No such emergency exists here.   The original reason for OCEA's petition-negotiating leverage for the 4 percent salary increase-no longer exists.   Although the case is not moot (OCEA still has a right to the records if it wants them), there is no urgency involved.

Furthermore, we disagree with OCEA's assertion that the character of the requested records can be determined as a matter of law.   OCEA appears to concede that the records are not “official documents of the trial court pertaining to the approved ․ budget allocation,” nor are they “final year-end trial court revenue and expenditure reports․” (Rule 6.702(a)(1).)   But OCEA insists the records are “factual management information ․ within the scope of representation.”  (Rule 6.702(a)(2).)

The “scope of representation” is defined by the TCEPGA as including “all matters relating to employment conditions and employer-employee relations, including, but not limited to, wages, hours, and other terms and conditions of employment.” (§ 71634, subd. (a).)  Specifically excluded from the scope of representation, “in view of the unique and special responsibilities of the trial courts in the administration of justice,” are “[t]he merits and administration of the trial court system” and “[d]elivery of court services.” (§ 71634, subd. (b)(1) & (b)(5).)   However, the impact from the merits and administration of the trial court system and the delivery of court services “shall be  included within the scope of representation as those matters affect wages, hours, and terms and conditions of employment of trial court employees.” (§ 71634, subd. (c).)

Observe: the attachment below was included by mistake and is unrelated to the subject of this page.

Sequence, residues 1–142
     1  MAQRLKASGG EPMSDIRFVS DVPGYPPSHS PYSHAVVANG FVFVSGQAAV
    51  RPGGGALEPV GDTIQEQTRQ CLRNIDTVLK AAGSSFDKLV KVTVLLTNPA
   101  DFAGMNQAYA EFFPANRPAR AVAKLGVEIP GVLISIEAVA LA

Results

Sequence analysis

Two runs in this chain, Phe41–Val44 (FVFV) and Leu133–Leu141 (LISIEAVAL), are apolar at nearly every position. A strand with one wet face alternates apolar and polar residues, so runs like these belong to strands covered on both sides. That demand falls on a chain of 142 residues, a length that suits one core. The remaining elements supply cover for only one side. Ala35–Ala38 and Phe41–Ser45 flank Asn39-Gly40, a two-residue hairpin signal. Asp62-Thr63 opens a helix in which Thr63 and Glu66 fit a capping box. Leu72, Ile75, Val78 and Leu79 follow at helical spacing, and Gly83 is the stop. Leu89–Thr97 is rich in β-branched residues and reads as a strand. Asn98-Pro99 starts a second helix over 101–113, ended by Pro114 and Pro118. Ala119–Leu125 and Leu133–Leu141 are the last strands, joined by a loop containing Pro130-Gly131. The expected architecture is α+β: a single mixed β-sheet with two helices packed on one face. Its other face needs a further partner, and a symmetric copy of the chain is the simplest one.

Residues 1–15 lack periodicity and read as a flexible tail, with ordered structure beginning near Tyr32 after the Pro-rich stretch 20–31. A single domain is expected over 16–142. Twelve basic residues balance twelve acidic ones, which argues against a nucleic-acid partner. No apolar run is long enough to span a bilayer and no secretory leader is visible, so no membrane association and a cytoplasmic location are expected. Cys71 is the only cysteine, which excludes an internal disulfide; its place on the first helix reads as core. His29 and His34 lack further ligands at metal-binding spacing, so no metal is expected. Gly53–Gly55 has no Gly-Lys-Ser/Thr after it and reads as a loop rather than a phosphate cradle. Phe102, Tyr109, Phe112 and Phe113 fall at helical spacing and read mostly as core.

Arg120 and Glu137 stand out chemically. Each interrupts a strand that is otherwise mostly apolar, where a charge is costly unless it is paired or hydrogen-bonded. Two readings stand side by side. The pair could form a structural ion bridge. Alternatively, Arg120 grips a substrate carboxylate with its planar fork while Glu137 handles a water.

The Court contends the requested records are not within rule 6.702 because they relate to the merits and administration of its system and the delivery of court services.   It urges that the documents evidencing its practice of reimbursing court employees for travel and training expenses are clearly administrative records.   OCEA, on the other hand, insists the documents are within the scope of representation because the information sought relates to the impact of the administration practice on trial court employees' wages, hours, and working conditions.   Essentially, OCEA argues if the Court overspends on travel and training, there will be less money available for wages for its members.